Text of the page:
Envisioning a greener Earth

Posted on November 30, 2011. Filed under: Forestry/Wetlands |

-NST-

SHAKLEE has a vision, and it is of a million trees growing lush and tall, giving Mother Earth a chance to heal her deep-set wounds caused by man’s unmitigated greed and wanton materialism.

envisioningTan Sri Joseph Kurup (second from right), Datuk Abdul Rasid Samsudin, director-general of the Department of Wildlife and National Parks Peninsular Malaysia (left), Victor Lim (second from left) and Datuk Masran Md Salleh, deputy director-general of the Peninsular Malaysia Forestry Department (right) helping to plant trees at the Bukit Sungei Puteh Forest Reserve in Cheras. Pic by Rosela Ismail

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The company set itself a noble target when it launched an environment-friendly corporate social responsibility campaign themed “A million trees, a million dreams”.

Shaklee Malaysia has always wanted to do its part to green the earth and at the same time advocate a cleaner, healthier and safer world.

That dream started materialising in 2009 when it teamed up with the Forest Research Institute of Malaysia to sponsor and plant trees at Kepong Botanical Garden, a former mining area which is now an educational public park.

Pushing ahead with its efforts to educate Malaysians on environmental issues and the need for growing trees, Shaklee Malaysia recently planted trees at Bukit Sungei Puteh Forest Reserve in Cheras for the second consecutive year with the cooperation of the Forestry Department.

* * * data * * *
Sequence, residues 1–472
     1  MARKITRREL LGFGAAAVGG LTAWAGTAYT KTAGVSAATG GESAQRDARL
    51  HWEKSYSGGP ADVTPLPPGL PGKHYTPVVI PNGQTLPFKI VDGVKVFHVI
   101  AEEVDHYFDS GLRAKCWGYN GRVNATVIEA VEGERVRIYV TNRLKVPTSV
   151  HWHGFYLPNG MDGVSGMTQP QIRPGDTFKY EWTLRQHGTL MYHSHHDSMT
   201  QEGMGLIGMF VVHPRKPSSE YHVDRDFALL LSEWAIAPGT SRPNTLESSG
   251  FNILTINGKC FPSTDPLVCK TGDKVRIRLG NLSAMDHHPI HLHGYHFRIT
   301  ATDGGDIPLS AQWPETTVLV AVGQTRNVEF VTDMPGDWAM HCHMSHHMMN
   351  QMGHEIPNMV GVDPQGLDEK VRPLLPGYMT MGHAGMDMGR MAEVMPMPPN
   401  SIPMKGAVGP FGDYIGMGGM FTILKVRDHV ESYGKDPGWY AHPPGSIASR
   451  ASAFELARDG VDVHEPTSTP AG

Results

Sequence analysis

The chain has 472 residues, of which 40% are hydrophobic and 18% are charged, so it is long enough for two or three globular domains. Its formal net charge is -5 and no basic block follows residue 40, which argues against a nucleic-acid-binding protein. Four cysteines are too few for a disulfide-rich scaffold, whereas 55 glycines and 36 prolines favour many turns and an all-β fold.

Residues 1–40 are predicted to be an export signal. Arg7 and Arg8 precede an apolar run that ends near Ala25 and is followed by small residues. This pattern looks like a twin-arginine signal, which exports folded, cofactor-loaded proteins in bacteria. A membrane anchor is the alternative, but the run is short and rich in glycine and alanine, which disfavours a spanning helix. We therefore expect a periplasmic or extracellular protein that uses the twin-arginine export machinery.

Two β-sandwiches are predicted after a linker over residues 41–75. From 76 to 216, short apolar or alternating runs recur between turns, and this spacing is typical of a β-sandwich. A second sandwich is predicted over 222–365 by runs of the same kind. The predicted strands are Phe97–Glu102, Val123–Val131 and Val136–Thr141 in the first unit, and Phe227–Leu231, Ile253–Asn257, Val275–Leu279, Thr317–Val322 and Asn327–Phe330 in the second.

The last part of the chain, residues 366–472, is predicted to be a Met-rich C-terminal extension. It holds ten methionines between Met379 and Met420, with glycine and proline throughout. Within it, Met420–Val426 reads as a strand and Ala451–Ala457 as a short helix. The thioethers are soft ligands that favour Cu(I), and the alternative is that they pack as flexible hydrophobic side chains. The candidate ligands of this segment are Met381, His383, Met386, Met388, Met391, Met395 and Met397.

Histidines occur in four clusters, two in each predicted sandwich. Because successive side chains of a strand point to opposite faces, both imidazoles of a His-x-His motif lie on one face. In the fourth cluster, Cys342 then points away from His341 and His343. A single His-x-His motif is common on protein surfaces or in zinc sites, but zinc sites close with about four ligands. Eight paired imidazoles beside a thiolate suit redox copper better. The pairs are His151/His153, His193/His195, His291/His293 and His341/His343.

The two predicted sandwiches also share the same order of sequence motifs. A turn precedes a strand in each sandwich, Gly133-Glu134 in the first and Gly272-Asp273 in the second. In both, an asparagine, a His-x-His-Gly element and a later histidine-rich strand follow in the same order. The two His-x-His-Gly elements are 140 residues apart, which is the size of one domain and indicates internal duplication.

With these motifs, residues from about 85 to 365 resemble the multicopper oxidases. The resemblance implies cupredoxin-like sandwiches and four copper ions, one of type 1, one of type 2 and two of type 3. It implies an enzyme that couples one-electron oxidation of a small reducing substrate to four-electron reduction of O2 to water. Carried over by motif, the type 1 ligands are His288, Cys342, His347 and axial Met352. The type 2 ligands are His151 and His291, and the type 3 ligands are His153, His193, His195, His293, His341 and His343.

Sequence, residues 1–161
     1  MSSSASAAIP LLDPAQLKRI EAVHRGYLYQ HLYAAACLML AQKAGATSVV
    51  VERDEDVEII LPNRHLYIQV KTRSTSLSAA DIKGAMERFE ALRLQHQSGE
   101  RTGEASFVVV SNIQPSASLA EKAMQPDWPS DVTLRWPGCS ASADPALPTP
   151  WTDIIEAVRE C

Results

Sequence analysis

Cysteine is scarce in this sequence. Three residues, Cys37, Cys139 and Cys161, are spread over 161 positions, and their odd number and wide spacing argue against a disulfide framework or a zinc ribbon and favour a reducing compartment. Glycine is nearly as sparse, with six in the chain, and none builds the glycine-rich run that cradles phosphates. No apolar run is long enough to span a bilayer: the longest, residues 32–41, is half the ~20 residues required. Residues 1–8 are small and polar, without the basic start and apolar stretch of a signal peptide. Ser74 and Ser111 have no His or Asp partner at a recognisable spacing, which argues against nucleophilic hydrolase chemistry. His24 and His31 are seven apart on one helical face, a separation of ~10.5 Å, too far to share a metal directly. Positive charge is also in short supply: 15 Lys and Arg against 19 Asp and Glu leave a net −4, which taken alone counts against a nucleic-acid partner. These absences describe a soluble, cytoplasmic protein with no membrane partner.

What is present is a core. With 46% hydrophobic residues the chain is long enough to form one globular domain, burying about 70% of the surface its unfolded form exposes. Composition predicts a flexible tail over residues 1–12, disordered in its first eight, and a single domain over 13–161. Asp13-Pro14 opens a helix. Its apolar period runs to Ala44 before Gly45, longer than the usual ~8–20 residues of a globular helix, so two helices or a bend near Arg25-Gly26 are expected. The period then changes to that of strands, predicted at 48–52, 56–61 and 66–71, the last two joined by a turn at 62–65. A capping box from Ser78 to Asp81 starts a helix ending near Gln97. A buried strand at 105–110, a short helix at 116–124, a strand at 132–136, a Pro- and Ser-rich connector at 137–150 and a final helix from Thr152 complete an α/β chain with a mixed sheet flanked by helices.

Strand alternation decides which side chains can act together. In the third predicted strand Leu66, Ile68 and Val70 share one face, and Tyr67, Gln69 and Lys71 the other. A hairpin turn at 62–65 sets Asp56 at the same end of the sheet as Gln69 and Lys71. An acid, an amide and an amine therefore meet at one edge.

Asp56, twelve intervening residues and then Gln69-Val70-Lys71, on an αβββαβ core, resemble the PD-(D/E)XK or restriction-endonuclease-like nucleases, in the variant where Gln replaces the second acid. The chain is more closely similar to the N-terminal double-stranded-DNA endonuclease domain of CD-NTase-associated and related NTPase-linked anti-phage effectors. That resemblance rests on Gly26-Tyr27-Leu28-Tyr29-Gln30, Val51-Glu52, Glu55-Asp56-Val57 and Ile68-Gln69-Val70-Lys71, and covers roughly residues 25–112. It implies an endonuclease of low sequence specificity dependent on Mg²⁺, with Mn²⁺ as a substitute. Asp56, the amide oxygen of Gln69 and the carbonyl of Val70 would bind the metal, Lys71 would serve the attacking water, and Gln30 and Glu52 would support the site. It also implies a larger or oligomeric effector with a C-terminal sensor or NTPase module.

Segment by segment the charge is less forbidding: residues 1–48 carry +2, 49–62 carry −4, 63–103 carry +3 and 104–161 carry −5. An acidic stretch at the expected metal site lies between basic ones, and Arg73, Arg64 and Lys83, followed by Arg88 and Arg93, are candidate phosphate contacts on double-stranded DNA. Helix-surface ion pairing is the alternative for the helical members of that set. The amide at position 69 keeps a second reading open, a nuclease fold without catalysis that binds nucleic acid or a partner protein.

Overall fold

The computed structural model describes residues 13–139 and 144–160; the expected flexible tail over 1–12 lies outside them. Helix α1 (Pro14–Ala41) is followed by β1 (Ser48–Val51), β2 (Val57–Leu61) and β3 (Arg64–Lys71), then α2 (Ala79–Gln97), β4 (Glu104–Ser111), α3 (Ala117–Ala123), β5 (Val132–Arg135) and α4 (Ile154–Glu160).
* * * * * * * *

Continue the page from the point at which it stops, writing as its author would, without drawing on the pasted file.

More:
The event, which was officiated by Natural Resources and Environment Deputy Minister Tan Sri Joseph Kurup, saw the company’s employees, civil servants, guests and  members of the media plant tree saplings.

The three-year cooperation between Shaklee Malaysia and the National Forestry Department started last year when the company sponsored RM10,000 worth of tree saplings and a trail measuring 226 metres long. The trail is to ensure that the park has facilities for visitors including the disabled.

“Reversing the unprecedented loss of biodiversity and saving our planet requires the effort of everyone,” said Victor Lim, the regional general manager of Shaklee, Southeast Asia.

“Working with the Forestry Department in planting trees at this forest reserve is part of the company’s effort in mitigating residual carbon emissions, while at the same time hoping to create valuable wildlife habitats and a forest park for people to enjoy and learn from,” he said.

The company hoped that the choice of fruit trees for planting this time around would serve to attract birds, insects and other wildlife to this reserve and create biodiversity.

“Tree-planting is definitely one of  the most potent ways to protect our planet, but people are either not doing enough of it or not doing anything at all,” said Lim.

“Forests help to control climate. Some experts now call rainforests ‘the air-conditioners of the world’ because their dark depths absorb heat from the sun.”

In his speech, Kurup said Shaklee’s efforts was in line with the ministry’s drive to plant 26 million trees by 2014 which would be capable of absorbing 200,000 tonnes of carbon dioxide.

The campaign, “Green The Earth: One Citizen, One Tree”, was launched in April last year. More than 13 million trees have since been planted.

A total of 110 trees were planted during the event, including rambai hutan, sentul, keledang temponek, beruas and kandis .

Read more: Envisioning a greener Earth – Central – New Straits Times http://www.nst.com.my/streets/central/envisioning-a-greener-earth-1.12523#ixzz1fg2qBqFx
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